On becoming an activist board!
Sketch of a corporate governance that creates valueYvan Allaire and Mihaela Firsirotu | IGOPP
The governance reforms carried out in publicly traded companies since, if not before, the fiascos called Enron, WorldCom, Tyco, Global Crossing, et alia have resulted in boards of directors largely staffed with independent, diligent people with solid business experience.
Then, why is it that boards, though dutiful and careful, remain surprise-prone and ill-equipped to challenge management. How can we explain the governance issues manifested in so many corporations? Indeed, if management does not provide the board with the relevant information, hides from the board or lies to the board, how can the board be held accountable?
Yet, in most, if not all, fiascos, in hindsight, it appeared that warning signs had been overlooked by the board, red flags unseen, symptoms unattended, vagueness not probed.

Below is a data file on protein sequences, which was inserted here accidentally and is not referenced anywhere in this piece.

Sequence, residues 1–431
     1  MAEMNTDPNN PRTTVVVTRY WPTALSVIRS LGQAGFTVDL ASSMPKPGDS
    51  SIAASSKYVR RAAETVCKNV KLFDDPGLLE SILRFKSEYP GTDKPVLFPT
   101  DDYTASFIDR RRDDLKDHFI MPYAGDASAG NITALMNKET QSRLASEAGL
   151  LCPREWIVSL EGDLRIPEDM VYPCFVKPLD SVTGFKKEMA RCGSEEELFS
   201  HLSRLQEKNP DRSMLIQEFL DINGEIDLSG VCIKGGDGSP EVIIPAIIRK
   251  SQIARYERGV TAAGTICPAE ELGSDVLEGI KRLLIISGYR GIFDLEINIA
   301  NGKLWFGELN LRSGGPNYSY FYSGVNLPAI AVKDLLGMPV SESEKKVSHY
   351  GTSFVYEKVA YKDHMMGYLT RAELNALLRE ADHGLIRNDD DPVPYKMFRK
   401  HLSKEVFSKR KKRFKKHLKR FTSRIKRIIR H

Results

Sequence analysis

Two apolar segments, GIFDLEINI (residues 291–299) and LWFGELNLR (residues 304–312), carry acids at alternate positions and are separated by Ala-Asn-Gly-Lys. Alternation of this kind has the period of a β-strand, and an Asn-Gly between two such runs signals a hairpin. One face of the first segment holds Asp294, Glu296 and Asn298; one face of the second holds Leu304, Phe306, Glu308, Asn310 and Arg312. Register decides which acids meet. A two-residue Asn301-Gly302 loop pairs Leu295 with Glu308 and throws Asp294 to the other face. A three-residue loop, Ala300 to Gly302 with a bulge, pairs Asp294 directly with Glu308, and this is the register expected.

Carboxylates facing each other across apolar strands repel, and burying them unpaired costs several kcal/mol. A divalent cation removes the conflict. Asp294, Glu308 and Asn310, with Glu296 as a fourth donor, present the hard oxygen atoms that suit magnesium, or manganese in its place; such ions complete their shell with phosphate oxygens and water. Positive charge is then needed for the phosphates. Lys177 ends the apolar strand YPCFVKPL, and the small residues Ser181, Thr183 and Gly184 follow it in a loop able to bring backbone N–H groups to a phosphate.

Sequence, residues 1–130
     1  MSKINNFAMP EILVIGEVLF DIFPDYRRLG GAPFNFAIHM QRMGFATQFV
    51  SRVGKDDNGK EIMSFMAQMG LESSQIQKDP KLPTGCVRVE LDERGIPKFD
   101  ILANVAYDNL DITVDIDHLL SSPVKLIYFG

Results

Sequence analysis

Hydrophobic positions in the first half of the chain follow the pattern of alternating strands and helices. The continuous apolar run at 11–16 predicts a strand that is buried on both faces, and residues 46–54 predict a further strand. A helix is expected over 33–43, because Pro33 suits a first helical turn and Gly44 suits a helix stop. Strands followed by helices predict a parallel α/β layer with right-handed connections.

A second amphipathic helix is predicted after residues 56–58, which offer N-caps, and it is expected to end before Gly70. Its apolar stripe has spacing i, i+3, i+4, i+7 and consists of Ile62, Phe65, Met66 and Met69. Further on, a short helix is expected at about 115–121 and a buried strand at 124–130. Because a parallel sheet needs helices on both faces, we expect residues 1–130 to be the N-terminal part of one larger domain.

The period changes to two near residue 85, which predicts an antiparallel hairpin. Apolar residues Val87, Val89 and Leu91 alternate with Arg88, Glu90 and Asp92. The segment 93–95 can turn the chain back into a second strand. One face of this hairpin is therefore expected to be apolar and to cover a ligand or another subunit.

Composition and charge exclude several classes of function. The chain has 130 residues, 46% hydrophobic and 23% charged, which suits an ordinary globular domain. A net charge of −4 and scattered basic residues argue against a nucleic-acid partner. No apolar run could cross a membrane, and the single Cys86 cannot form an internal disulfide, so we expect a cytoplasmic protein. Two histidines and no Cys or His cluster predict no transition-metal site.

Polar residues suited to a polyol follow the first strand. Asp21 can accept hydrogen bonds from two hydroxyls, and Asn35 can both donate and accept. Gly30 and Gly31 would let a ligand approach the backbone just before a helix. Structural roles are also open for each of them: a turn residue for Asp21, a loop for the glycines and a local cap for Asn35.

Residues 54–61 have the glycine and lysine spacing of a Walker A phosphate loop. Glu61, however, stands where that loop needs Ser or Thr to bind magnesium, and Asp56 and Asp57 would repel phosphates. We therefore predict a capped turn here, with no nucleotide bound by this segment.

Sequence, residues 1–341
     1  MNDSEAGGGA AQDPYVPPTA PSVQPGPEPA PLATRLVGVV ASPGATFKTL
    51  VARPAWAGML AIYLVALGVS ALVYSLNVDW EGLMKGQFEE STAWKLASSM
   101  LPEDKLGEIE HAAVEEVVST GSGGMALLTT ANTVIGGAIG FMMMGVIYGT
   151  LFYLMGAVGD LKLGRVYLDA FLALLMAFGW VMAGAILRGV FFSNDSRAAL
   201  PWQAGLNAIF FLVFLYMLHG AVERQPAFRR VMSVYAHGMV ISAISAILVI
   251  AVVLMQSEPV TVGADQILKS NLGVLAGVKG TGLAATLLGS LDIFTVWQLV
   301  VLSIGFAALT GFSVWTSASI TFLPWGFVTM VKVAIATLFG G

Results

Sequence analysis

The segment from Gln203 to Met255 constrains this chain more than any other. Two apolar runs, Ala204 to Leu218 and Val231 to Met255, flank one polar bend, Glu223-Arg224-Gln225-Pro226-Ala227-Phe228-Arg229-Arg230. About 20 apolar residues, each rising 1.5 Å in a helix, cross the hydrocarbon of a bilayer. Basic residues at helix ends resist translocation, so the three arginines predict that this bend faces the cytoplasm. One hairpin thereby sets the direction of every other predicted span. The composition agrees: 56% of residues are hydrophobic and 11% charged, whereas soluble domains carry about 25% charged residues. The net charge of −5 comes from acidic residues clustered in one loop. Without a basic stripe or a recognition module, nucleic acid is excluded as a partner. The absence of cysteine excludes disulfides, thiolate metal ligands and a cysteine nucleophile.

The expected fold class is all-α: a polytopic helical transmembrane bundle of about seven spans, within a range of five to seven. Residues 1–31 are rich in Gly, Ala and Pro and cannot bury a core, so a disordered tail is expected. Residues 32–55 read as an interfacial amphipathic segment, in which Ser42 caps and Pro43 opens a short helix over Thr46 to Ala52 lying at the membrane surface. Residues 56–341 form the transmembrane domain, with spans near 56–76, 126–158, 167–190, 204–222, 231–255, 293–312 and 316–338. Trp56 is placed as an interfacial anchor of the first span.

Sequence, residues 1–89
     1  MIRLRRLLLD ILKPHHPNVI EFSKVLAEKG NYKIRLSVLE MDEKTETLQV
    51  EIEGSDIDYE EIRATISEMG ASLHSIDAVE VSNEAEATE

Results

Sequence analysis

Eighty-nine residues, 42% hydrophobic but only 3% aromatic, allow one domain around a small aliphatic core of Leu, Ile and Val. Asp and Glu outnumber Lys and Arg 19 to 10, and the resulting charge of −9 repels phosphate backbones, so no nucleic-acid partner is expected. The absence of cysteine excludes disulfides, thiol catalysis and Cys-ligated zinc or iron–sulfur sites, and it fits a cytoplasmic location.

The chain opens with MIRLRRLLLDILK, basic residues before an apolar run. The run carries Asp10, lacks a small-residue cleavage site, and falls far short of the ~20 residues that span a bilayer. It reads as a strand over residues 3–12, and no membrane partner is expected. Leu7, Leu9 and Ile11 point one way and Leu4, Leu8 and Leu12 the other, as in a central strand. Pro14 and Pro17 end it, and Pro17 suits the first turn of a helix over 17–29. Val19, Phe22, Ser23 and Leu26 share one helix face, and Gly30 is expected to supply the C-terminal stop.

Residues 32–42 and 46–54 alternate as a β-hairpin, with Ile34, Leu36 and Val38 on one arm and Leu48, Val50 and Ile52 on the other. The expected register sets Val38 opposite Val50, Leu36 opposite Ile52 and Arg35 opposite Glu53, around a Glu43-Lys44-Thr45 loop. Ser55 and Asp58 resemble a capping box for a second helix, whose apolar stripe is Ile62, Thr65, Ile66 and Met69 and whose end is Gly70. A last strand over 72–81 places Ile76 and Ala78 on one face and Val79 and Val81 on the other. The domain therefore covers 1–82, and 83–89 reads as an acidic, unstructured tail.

Boards in the dark
The Lehman bankruptcy some five years ago offers a stark illustration of this phenomenon. In his report (in 9 volumes and over 2, 200 pages), the court-appointed Examiner finds no actionable
fault (“colorable claim” in the American legal jargon) against the board of directors of Lehman.
At the time of its bankruptcy, Lehman’s board was, typically, made up of retired CEOs of large industrial companies unrelated to the Lehman business (IBM, GlaxoSmithKline, Haliburton, Telemundo Group, Sotheby’s), a theatrical producer, the former CEO of the American Red Cross, a couple of long-serving members, and the recent arrival (April 2008) of a former executive from
the financial sector.
The board did what it could; board members exercised their business judgment, a judgment shaped by an experience totally foreign to the investment banking/trader business in the years
2000-2008. They made decisions on the basis of their limited knowledge of the financial business and the information management provided and carefully managed.
For the board meeting of March 20th, 2007, the people responsible for preparing a presentation for the president of Lehman exchanged e-mails conveying his expectations: “Board is not sophisticated around subprime market- Joe [the president of Lehman] doesn’t want too much detail. He wants to candidly talk about the risks to Lehman but be optimistic and constructive –talk about the opportunities that this market creates and how we are uniquely positioned to take advantage of them”. (Page 90)